Author: Sharon Janulaw
Overview: In this lesson students observe that there are
many forms of living things by going for a walk and also by observing living things in the classroom.
- Today there are many diverse forms of life.
- Scientists study living things.
Grade Span: K2
- One clipboard for each student
- Drawing paper
- A variety of living things, e.g., pillbug, grasshopper, lizard, rabbit, fish, plant, mushroom in containers
in the classroom
Place one or two sheets of paper on each clipboard.
Assemble a variety of living things in appropriate containers for the classroom.
Determine the best areas around the school to find living things.
Decide on rules of behavior for the walk outside.
Time: 30 minutes each for three sessions
Grouping: Whole class
Living things are all around us and exist as millions of species.
We tend not to notice that much of what we see when we go outside consists of living things.
The lawn, the trees, the ants walking across the pavement, the shrubs with snails hiding under
their leaves. It is very easy to find a large number of living things outside the classroom,
in pet stores (as well as bait shops), and in the supermarket produce section. Most people have
no trouble identifying pets in pet stores as living things but many are not aware that almost
everything in the produce section of the market is alive. The fresh green lettuce and broccoli
may be doomed, but remain quite alive while in the store.
Teacher Resources: Pet store, bait shop, the market produce section
Explore these links for additional information on the topics covered in this lesson:
Vocabulary: plant, animal, fungus
- Session I
Tell the students that the class is going to
go for a walk outside to look for living things. Explain appropriate
behavior for the walk.
Discuss what to look forWhat is a living
thing? Where might we find living things? Talk about possible ways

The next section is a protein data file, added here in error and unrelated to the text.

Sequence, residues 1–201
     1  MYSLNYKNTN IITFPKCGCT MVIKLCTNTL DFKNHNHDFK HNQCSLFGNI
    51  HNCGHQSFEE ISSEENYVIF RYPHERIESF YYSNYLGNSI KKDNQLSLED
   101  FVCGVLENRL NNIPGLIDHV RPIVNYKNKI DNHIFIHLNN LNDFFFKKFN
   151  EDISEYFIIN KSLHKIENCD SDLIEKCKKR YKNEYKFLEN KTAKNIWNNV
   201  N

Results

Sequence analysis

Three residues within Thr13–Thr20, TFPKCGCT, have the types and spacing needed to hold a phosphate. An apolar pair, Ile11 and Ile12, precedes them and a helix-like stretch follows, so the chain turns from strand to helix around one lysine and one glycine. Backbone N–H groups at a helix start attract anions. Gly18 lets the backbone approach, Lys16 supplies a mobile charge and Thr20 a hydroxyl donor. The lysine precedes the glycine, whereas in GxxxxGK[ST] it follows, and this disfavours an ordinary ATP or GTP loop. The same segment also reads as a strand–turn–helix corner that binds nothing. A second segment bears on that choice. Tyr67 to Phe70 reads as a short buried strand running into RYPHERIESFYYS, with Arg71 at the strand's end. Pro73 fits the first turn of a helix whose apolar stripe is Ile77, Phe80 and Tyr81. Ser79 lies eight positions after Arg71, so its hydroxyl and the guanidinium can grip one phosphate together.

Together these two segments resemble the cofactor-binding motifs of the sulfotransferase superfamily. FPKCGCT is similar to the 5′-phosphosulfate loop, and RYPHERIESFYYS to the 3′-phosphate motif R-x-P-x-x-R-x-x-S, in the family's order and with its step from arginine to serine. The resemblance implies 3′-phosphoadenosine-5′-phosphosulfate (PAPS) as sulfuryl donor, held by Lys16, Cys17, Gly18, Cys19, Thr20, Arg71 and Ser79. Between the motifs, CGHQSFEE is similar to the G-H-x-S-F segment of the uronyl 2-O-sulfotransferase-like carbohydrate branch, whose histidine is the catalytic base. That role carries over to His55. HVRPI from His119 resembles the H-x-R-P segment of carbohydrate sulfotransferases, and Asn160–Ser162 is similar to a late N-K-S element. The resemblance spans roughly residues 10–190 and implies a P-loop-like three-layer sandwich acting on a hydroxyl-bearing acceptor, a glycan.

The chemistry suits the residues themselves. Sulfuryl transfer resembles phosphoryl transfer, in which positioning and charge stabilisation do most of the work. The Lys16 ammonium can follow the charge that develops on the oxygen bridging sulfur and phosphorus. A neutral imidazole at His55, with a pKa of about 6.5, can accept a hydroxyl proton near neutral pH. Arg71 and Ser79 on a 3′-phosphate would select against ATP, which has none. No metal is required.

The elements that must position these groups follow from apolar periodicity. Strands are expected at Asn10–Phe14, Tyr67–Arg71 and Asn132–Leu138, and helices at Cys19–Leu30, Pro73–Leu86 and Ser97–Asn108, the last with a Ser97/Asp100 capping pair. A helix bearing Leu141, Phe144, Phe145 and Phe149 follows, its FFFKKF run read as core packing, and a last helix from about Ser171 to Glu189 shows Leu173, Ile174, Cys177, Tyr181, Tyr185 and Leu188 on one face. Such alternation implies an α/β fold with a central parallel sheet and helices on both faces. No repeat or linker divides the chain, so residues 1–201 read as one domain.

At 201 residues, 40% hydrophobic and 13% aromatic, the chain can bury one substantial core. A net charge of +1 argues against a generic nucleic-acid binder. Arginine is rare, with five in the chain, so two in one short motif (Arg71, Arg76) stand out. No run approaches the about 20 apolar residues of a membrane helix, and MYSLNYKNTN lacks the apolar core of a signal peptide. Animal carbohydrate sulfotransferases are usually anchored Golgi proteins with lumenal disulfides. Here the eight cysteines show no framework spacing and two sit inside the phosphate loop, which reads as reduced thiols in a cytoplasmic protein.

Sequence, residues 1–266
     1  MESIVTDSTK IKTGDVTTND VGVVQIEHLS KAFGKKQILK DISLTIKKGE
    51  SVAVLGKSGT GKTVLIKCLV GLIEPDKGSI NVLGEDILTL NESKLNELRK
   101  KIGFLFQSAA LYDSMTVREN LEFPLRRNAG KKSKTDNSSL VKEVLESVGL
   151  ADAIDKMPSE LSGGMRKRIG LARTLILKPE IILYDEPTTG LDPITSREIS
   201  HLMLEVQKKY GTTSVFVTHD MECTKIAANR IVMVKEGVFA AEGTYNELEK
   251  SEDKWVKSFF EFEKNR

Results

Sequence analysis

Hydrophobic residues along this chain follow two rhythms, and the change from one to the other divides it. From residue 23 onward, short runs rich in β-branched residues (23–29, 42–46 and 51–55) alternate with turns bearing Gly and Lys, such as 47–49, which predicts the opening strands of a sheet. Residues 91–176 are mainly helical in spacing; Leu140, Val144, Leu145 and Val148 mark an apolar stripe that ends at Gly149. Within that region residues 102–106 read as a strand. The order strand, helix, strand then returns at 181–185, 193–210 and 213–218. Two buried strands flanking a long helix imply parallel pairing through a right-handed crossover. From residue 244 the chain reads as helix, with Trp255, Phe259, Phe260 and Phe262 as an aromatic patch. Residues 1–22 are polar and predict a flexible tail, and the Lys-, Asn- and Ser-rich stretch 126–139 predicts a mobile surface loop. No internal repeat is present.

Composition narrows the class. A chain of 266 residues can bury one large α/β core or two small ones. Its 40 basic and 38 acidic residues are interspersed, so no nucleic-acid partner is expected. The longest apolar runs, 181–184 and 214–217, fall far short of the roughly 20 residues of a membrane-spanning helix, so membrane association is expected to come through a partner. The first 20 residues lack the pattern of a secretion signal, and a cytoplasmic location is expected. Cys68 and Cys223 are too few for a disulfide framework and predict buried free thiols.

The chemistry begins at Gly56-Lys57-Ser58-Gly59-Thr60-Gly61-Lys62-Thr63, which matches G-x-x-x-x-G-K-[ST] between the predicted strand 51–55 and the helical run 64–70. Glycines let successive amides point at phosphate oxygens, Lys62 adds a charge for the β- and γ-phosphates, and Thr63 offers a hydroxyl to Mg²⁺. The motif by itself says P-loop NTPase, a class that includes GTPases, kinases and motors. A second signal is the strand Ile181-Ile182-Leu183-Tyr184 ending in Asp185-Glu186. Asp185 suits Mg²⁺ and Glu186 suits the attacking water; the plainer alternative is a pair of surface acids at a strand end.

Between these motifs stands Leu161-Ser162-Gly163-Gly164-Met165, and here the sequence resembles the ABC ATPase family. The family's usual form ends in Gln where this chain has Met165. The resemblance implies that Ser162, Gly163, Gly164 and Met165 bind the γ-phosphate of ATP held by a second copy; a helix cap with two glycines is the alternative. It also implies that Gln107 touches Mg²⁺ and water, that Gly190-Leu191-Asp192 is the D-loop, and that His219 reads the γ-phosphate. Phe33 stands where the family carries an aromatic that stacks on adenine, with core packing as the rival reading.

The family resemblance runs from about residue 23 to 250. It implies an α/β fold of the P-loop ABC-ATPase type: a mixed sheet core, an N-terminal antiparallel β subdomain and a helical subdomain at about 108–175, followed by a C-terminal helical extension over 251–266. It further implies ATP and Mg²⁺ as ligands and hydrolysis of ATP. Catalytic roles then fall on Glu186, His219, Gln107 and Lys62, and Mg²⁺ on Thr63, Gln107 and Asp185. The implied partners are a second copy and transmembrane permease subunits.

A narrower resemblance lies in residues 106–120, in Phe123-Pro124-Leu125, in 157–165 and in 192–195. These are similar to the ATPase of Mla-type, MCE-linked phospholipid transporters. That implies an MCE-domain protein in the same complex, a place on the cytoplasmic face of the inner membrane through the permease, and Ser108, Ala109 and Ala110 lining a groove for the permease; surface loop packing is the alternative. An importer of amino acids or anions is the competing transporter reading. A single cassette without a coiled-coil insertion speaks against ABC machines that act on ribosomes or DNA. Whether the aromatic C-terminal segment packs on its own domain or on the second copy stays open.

to record what they find.
Distribute clipboards to the students and take
a walk around the school. Have them record in whatever way appropriate
(pictures, words) all the living things they see, hear or smell. Evidence
of the presence of living things, such as snail trails, chewed leaves,
bird droppings, may be included, if you choose.
Debrief in the classroom by making lists of
living things, discussing how many different things were observed
and how they are different.
- Session II
The next time the class meets, have students
repeat the same procedure as above with a variety of living things
that you have brought into the classroom. They will go on a classroom
walk with their clipboards to record their discoveries.
Debrief, asking how many living things they
observed. Students may have difficulty in recognizing that plants,
especially those used for food, are living things or parts of living
- Session III
Begin the third session by asking if the students
were surprised that some of the things you brought into the classroom
were actually living things. Ask if they think it would be easier
to identify living things now if the class were to go outside for
another look. Take the class to the same place or another area around
the school and repeat the clipboard recording procedure.
Debrief by recording and comparing class results
with Session I results.
Assess by having students each draw a mini-mural
of a location near the school including (and labeling) as many living
things as possible.
Updated May 24, 2004
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